He’s the last player with the Ducks from their 2007 Cup team. “He’s had an exceptional career. Look at his history, longevity, ability to hang tough,” said Randy Carlyle, who coached that team. “He somewhat changed his career in a lot of ways. He had to develop the defensive side of it to be as effective as he has been over the years. If you look at it the strength of his game, it was just his hockey sense and his ability.”

But Carlyle couldn’t resist mentioning one flaw. “He should have shot the puck more,” Carlyle said, laughing.

“That’s always been something I’d take a lot more pride in than any numbers, I think, is being here, being part of this organization forever.”

— Ryan Getzlaf

The Ducks, who have been struggling through a tedious rebuilding process, are about to miss the playoffs for the fourth straight season. Getzlaf holds the franchise records for playoff games played (125), goals (37), assists (83) and points (120).

“I’m so happy for him,” said retired winger Teemu Selanne, who lost his franchise scoring record to Getzlaf last Oct. 31 when Getzlaf recorded his 989th point.

“First of all, I’m very proud of him for his great career with the same franchise. That doesn’t happen a lot these days. And obviously he has won everything in hockey and he’s a real champ. I know his passions for other stuff so I’m excited about his journey. I have known his plans a little bit and he’s going to be a very happy camper.”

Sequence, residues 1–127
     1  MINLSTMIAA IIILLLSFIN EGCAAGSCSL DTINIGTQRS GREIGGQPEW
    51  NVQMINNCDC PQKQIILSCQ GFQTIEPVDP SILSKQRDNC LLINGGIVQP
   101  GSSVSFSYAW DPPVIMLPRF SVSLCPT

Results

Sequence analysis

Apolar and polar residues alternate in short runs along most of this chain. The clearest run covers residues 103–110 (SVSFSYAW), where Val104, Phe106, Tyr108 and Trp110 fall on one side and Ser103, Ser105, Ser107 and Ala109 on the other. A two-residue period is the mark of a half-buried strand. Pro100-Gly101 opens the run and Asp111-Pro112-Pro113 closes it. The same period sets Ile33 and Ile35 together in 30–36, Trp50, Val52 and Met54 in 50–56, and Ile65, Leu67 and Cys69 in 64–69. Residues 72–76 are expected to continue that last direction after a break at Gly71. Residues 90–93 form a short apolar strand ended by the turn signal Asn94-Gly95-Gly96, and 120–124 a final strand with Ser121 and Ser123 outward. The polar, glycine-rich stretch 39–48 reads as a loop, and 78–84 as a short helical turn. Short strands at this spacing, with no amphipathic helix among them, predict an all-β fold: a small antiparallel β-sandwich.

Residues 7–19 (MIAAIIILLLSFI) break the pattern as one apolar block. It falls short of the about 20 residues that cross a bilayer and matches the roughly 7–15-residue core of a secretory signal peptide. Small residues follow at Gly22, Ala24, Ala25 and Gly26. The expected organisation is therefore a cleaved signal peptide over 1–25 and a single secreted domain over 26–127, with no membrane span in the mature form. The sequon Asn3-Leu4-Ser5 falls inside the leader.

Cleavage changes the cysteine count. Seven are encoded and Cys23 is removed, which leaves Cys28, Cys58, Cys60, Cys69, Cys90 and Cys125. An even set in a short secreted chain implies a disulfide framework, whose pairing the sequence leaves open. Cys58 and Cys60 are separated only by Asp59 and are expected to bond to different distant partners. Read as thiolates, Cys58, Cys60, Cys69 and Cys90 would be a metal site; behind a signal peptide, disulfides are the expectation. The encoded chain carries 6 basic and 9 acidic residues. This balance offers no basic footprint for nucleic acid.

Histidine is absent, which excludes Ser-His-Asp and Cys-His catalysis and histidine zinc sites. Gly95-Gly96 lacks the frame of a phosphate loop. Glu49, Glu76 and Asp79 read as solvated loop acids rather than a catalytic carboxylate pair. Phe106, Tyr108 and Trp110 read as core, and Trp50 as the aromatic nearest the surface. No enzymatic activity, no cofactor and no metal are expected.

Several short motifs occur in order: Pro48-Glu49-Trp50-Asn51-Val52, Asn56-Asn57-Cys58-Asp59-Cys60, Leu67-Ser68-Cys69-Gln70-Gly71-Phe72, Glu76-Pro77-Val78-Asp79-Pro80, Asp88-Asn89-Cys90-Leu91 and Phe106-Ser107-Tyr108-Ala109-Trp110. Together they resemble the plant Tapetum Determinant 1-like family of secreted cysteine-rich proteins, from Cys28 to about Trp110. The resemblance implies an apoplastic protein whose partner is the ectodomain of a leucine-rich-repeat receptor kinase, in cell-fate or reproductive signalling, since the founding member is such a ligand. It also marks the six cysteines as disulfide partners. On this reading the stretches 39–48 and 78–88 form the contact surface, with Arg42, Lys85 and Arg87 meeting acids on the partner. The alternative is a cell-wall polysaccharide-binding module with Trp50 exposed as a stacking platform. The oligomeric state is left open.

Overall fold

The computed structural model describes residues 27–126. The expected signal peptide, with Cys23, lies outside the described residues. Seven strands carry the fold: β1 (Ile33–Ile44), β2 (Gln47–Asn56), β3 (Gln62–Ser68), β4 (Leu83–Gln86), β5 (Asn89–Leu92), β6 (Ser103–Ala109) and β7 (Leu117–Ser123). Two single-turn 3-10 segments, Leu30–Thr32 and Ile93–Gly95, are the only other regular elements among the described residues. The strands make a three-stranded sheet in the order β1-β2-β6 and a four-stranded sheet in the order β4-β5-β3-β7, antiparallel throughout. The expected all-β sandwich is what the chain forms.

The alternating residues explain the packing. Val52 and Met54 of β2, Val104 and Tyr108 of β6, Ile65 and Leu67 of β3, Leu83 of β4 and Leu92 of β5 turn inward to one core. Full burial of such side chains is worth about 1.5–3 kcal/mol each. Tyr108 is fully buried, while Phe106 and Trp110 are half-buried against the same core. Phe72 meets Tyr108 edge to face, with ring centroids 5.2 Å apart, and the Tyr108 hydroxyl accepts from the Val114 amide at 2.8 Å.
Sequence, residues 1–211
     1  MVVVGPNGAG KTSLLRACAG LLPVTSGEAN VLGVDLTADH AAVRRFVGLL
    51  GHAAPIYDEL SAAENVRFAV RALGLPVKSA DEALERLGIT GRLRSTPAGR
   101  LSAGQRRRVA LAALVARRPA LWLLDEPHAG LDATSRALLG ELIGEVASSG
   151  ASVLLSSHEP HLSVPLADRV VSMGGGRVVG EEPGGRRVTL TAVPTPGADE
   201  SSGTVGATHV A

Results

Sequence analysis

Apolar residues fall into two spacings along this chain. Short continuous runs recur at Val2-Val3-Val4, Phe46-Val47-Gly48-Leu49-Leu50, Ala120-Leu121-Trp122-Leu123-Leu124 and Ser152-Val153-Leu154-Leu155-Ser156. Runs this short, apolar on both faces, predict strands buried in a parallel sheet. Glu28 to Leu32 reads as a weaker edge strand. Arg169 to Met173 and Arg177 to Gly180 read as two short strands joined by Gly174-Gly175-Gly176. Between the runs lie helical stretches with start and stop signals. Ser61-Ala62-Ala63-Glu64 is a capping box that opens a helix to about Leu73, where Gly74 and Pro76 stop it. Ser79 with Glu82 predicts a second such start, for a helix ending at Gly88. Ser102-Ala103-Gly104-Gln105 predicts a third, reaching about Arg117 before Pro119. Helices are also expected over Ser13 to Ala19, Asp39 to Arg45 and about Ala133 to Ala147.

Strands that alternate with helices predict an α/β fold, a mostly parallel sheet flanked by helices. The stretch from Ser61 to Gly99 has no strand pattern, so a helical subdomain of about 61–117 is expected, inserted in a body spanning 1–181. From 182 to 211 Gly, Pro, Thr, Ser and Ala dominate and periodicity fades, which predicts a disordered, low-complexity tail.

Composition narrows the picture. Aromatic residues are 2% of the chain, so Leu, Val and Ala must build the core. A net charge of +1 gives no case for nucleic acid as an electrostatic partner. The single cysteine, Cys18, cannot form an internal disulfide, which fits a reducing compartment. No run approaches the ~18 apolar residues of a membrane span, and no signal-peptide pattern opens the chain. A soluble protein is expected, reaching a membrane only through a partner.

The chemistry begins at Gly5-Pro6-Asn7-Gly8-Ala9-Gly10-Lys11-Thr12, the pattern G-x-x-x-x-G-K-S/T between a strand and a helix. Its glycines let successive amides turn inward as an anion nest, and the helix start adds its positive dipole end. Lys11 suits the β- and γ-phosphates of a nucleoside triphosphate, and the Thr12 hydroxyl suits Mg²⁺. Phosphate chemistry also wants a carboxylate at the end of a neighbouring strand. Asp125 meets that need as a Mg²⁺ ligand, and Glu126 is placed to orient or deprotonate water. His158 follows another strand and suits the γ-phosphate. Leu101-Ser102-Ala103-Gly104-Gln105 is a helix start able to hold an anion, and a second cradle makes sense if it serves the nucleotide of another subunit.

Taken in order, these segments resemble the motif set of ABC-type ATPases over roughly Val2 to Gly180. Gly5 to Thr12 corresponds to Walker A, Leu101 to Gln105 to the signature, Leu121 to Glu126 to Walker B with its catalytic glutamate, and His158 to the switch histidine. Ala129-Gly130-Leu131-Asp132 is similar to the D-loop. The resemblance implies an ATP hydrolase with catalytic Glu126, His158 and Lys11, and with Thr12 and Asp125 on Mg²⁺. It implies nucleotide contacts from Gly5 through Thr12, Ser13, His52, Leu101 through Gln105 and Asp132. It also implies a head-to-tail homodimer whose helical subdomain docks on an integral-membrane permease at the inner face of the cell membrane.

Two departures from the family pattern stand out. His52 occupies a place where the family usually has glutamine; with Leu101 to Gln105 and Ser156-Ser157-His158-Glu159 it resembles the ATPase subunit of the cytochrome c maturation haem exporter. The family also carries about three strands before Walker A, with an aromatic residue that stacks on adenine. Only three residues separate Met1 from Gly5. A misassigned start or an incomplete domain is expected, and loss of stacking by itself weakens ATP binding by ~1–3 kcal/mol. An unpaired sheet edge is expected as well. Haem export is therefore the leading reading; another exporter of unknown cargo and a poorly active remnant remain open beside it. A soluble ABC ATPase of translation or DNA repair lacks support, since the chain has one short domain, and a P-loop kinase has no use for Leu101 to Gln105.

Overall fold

Getzlaf was drafted by the Ducks in the first round and 19th overall in 2003, nine spots ahead of Corey Perry, who became a longtime linemate and lifelong friend. They were called “the twins” because of their connection on the ice and friendship away from the rink. Their collaboration ended in 2019, when the Ducks bought out Perry’s contract and he became a free agent, but the friendship survived Perry’s departure. He’s now with Tampa Bay.


“We started together on this journey and it would have been great to finish this way, but our business is what it is,” Getzlaf said.

Cheering fans are seen behind an exultant Ryan Getzlaf after a goal.
Ducks’ Ryan Getzlaf celebrates with fans after scoring a goal against the Ottawa Senators during Game 1 of the 2007 Stanley Cup finals.
(Kevork Djansezian / Associated Press)

Getzlaf plans to stay in Southern California. His wife, Paige, is from Coto de Caza and they’ve raised four children here. As his proud mom Susan noted, he has enriched his adopted home by participating in programs that helped kids learn to skate and by raising millions of dollars toward finding a cure for Duchenne muscular dystrophy. “We loved being there for your journey. Now it’s time to shoot for the new goals and dreams as you enter the next chapter of your life,” she said.

This is one occasion he’s ready to shoot, not pass. He hopes to stay with the Ducks, though he’s not sure in what capacity. “I feel like I’ve been trying to get back to the Stanley Cup ever since I was there last,” he said, “and I don’t really feel like that journey is over yet as far as what I hope to do within the organization.”

It’s rare in the NHL’s salary-cap era for a player to spend 17 seasons with one team. But Getzlaf knew he belonged here, just as he knew he was a pass-first center. He did it his way, and he did it well.

VIDEO | 07:26
The Ducks’ Ryan Getzlaf announces his retirement